Wielding ingredients culled from the fields, stockyards, and vineyards of local producers, chefs craft inventive dishes such as osso buco anointed with smoked-pork au jus and pan-roasted rockfish drifting in crawfish cream. The most recent addition to the Vintage team is brewmaster Kristi Griner, who channels her 24 years of experience to helm the efforts of Vintage 50's 10-barrel brew house. Additionally, Vintage 50's caterers conjure fare for weddings and the food-fight receptions that follow and whip up dishes for offsite corporate events and holiday parties.
The chefs at The V Eatery & Brew House transform a bounty of ingredients sourced from Virginia’s rich soils and seas to a menu of fine eats paired with craft beers. They batter freshly-netted cod with Catoctin Kolsch beer and spice up risotto with diced butternut squash and parmesan cream. To pair with their flavorful dishes, they select an elite array of 14 craft beers, 6 of which are brewed in-house to flow from their taps. And to keep things fresh, they rotate these brews regularly, with headliners such as Fat Tire amber ale and Avery’s White Rascal.
To occupy diners’ eyes and ears while their tastebuds are enjoying the food, The V Eatery host live musical performers every Tuesday through Saturday. They also plan to round out their selection of meals by adding a Sunday brunch once they get their license from the National Brunch Association, otherwise known as the NBA.
After founding small bistros and cafés throughout Nice, Paris, and St. Tropez, Frederick Boukaïa decided to bring his passion for rustic French cooking to Virginia's Shenandoah Valley. The result is La Niçoise Café. "I want people to be comfortable in my place," Boukaïa recently explained to the Northern Virginia Daily. "Nothing fancy. Nothing pretentious.”
Indeed, it's hard to feel alienated by the café's cozy, homespun ambiance and approachable menu of French comfort foods. It helps that you can't go wrong with any order, whether it's the grilled duck breast with crispy polenta or the mussels steamed in white wine with parsley, garlic, and shallots. To complement this cuisine, the café offers a curated selection of wines from regions throughout France, although the list also includes bottles from Australian, Italian, Californian, Algerian, and Virginian producers.
Vintage Piedmont unites a grandiose group of family wineries, each cozily sprawled within a 15-mile distance of the others. Ernest oenophiles can mosey among them at their own pace, ensuring no one exhausts their seeing-eye elephant. Barrel Oak Winery boasts a pastoral setting, 20 acres of vines, and a BowHaus white that blends vidal blanc, sauvignon, viognier, and more for a bright flavor ($24). At Philip Carter Winery, the 2009 chardonnay intermixes lemon zest, a vanilla bouquet, and pear notes ($24). Desert Rose Ranch & Winery sustains an unpretentious atmosphere, unlike snobbish grape groups for third cousins of royalty. Varietals include the Hitch Hollow chardonnay aged in French oak barrels, or the Sparky, a European-style rosé. Rappahannock Cellars and Hume Vineyards regale taste buds with delectable drinks from locally grown grapes. At each libation station, take home two commemorative wine glasses and receive 10% off bottles of wine.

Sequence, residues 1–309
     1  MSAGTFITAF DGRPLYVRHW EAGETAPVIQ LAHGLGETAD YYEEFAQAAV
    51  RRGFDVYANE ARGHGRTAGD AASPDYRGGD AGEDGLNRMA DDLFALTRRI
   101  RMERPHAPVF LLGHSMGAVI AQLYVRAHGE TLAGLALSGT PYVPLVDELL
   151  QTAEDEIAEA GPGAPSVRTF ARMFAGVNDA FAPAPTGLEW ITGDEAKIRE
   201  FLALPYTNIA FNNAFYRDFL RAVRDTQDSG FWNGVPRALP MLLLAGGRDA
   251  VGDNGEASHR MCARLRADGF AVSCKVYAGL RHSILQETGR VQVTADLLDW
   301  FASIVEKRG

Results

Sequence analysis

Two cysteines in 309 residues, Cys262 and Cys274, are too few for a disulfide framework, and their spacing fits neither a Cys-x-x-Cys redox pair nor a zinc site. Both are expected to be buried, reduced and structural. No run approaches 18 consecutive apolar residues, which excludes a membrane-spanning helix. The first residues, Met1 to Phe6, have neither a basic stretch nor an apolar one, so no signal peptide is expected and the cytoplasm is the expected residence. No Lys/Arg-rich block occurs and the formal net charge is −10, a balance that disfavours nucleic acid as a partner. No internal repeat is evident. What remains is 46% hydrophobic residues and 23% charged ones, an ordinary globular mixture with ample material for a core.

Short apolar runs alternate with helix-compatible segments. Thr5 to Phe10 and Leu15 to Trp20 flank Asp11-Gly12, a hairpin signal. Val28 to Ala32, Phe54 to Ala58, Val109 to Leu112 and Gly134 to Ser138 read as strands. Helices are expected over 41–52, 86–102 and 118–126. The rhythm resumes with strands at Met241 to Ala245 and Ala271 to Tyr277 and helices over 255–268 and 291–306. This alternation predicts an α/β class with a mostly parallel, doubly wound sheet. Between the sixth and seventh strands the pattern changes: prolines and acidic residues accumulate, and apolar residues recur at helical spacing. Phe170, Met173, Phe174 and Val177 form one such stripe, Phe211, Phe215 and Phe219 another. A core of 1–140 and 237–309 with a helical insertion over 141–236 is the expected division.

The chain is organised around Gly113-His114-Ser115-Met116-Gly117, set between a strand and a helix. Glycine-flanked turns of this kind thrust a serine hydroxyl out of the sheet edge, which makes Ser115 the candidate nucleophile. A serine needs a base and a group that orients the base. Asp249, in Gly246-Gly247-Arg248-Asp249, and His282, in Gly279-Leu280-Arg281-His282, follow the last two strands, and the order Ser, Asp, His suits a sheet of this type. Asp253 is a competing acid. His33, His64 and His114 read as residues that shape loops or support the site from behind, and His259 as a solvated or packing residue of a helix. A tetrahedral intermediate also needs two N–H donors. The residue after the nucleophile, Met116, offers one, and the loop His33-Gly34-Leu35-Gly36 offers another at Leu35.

For Little Washington Winery, location is key. Their perch sits on the edge of Shenandoah National Park, where the mountains scatter the spring winds to fend off frost and other vine-killing maladies. The open air catches ample light for the vineyard's growing fruits, and, perhaps just as importantly, grants a panoramic view of the forests ahead. It is on this lush land that Little Washington Winery cultivates the majority of its ingredients, sourcing others as necessary from their Virginian neighbors.
Virginia Wine Lover recently crowned the vintners with top rankings for their red and white wines, as well as naming the vineyard a premiere destination for picnics due to its surrounding scenery and bounty of naturally occurring checker-print blankets. Inside the tasting room, which is equal parts cabin and art gallery, guests listen attentively as experts walk them through enjoying a curated selection of wines. If guests wish to explore the world of vino even further, they can join the dirt road wine club, which offers tastes from boutique vintners around the globe.
The menu harvests local and organic ingredients, creating tasty eats to be savored in between rounds of freeze tag with the friendly servers. Dishes are designed to be delicately paired with a fine wine but are just as tasty alongside a '98 Capri Sun. Start with a classic mouth amuser, including an assortment of three artisanal cheeses ($12) or a plate of charcuterie ($10). There are farmed feastables such as the Parisian herb gnocchi with brussels sprouts, pearl onions, balsamic, and ricotta in a brown butter sauce ($12), or netted nuggets like the pan-seared flounder ($13). Phenomenologists who reject substance dualism will enjoy the chicken and waffles dish, which is actually a deep-fried quail served with cornmeal and herb waffles and drizzled with bacon-caramel syrup ($12).